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Discipleship Project

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Lesson #1

Lesson #3

Lesson #5

Lesson #7

Lesson #9

Lesson #8

Lesson #2

Lesson #4

Lesson #6

Lesson 8

Here in Lesson 8, I want to introduce you to the critical link between sanctification and community - that community is the sine-qua-non of sanctification; it's the venue in which it takes place. (Press this link to take you back to the basic stipulations we laid out in Lesson 1.) Simply put, Paul makes it plain throughout his epistles, but especially in Romans, Epehsians, and Colossians, that sanctification cannot occur with believers who are isolated - believers who are not built up with other believers into a corporate whole. He spells it out in detail beginning in Romans Twelve; but he introduces it in Romans Four with a metaphor drawn from the story of Abraham. Read this lesson through carefully - and, then, think carefully how this truth will affect your life.

 

The Story of Abraham is

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The story of Abraham is used as a metaphor for salvation throughout the New Testament - including Romans, Galatians, and Hebrews - but most pointedly in Romans Chapter Four and in Hebrews Chapters Three and Four. And that tells us its use as such was no doubt well established in the minds of the First Century Christians.

The story begins with God’s call to Abraham, a single individual, (#1 on map) and moves toward its climax in the Book of Joshua - with Israel crossing the Jordan River and conquering the Land of Canaan (#7). The author of Hebrews makes the Land of Canaan symbolize the “rest” God has promised believers - meaning their complete and final victory over the power of sin.

All three phases of salvation - justification, sanctification, and glorification - are depicted in the metaphor. Abraham, a single individual, responds in faith to God’s call to leave Ur and go to Canaan - which God promises will become his eternal possession. But though he eventually reaches Canaan, possession does not immediately pass to him (#3). Instead, God promises Abraham a son by Sarah - and tells him that it’s through this son and his offspring that possession will eventually be achieved. Abraham, despite his old age and Sarah’s “dead womb,” (Rom. 4:19) believes God - and that belief, we’re told in Genesis 15:6, justifies him - meaning God absolves him of his sins and declares him righteous.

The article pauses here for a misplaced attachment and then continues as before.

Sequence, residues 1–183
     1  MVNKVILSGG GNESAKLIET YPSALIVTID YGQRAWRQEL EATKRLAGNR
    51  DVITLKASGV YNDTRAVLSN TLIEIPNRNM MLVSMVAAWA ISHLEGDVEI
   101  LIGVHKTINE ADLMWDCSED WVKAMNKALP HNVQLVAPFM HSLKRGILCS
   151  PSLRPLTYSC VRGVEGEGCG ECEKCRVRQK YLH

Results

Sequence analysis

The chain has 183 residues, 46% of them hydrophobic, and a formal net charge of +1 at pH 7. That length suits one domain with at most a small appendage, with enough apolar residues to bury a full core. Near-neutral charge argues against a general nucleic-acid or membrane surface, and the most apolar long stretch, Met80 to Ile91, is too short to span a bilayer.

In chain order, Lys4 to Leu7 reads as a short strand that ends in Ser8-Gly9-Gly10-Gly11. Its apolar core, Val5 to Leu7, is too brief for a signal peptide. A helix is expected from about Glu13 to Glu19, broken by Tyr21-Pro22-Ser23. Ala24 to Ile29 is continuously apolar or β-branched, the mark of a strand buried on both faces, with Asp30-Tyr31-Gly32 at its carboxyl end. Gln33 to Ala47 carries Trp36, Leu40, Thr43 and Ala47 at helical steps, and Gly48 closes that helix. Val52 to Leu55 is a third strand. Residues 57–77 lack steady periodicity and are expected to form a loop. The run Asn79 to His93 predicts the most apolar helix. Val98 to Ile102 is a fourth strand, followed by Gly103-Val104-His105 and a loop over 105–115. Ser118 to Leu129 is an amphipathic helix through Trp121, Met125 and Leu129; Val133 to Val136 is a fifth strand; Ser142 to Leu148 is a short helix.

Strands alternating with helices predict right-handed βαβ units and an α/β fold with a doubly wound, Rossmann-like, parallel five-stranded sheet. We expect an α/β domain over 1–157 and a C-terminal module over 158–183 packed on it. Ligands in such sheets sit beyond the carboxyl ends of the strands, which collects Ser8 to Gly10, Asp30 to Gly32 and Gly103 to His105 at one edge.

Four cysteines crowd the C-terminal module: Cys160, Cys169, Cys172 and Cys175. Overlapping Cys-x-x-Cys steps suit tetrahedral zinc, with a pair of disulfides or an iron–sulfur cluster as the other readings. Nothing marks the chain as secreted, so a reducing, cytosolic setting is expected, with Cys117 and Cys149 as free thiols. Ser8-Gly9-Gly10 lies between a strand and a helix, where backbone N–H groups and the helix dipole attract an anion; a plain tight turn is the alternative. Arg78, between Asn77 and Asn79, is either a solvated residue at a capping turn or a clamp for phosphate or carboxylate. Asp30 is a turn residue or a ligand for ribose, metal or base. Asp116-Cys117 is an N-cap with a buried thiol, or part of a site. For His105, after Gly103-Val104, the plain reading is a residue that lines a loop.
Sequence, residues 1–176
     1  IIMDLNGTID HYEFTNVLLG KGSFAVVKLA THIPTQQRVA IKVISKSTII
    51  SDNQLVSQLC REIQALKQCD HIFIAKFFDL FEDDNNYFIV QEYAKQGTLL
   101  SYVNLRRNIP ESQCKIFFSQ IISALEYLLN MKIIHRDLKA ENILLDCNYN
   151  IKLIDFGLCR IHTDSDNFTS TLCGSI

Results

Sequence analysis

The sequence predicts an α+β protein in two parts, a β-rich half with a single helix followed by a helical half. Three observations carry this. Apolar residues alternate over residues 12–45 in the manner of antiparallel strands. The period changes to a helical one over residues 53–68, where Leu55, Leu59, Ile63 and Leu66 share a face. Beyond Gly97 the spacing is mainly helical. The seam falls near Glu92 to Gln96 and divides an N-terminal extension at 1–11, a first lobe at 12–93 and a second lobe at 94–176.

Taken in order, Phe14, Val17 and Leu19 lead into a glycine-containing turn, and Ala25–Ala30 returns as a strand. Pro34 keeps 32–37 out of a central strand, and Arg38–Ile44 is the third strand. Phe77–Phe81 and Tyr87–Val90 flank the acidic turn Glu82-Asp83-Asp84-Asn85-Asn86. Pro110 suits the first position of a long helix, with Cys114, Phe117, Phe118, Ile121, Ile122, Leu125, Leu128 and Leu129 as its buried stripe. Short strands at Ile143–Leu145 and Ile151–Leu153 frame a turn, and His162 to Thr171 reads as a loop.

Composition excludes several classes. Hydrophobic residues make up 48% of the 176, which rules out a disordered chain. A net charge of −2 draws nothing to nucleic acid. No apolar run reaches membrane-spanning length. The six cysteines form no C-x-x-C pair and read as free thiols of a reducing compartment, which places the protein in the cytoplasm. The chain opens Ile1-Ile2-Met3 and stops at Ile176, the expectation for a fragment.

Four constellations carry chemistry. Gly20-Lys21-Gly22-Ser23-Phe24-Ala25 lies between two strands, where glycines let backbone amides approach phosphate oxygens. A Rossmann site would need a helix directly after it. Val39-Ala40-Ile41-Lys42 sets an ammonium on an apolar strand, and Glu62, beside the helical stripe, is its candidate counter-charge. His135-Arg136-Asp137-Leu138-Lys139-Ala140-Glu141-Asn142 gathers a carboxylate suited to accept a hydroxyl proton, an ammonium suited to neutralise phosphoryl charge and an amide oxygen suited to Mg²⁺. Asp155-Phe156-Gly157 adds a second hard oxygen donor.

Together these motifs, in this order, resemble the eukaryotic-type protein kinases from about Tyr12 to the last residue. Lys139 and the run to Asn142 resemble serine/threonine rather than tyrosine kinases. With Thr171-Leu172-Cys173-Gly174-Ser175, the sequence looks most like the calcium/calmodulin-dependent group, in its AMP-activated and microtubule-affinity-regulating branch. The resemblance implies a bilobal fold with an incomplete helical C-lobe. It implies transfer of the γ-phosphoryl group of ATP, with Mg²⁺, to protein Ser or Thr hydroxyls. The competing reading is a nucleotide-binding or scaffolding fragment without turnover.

Twenty five long years pass between God’s promise of a son and his eventual birth. That son, whom Abraham names Isaac, eventually fathers Jacob - who, in his turn, fathers the Twelve Patriarchs. Still, possession of the land does not pass to “Abraham” - leaving the story of salvation far short of completion. It’s not until “Abraham” - subsumed now in Jacob and his twelve sons - is “incubated” in Egypt for 430 years (#4), becoming thereby a whole people, that God is ready to consummate it. To do that, he sends Moses to bring “Abraham” out of Egypt to the foot of Mount Sinai (#5) - where “he” is incorporated into a nation - the Nation of Israel. Only now can Canaan be conquered and the story of salvation brought to completion (#7).

The “Abraham metaphor” teaches the

  1. First, single individuals called by God to respond in faith to his offer of mercy. What we have here is justification, the topic Paul takes up in Chapters One through Three.
  2. Second, it teaches us that though salvation begins with single individuals, it can only be consummated in and through a whole people - meaning only when believers are integrated into an organic whole, a redeeming community (See Calvin on the Ropes, Vol. I, pages 20-25) can they overcome the power of sin. What we have here is sanctification, the topic Paul takes up in Chapters Five through Eight, and its sine-qua-non, the church, the topic Paul takes up in Chapters Twelve through Sixteen.
  3. Finally, we have actual possession of the land - the “rest” the Book of Hebrews tells us corresponds to glorification

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And if that’s so, then its use here is fortuitous:

  • It serves as a bridge between the two topics, justification on the one hand and sanctification on the other - but only for those attuned to premodern thought.
  • It serves also to remind us that sanctification - again, the topic Paul is about to take up beginning with Chapter Five - should never be undertaken by lone believers, but only by a whole people: that when attempted by lone believers, it’s a disheartening and, in the end, almost hopeless venture. It’s an insight Paul elaborates on in Romans 9-11 concerning Israel and in Romans 12-16 concerning the church.

American Christians, in whose minds and hearts individualism is so deeply entrenched have never quite grasped this truth (See Calvin on the Ropes, Vol. I, pages 20-25; 34) ; and its neglect underlies, at least in part, the inability of so many of them to overcome the power of sin in their lives. They resist being built up together into any kind of an organic whole that seems to them to put in jeopardy their independence.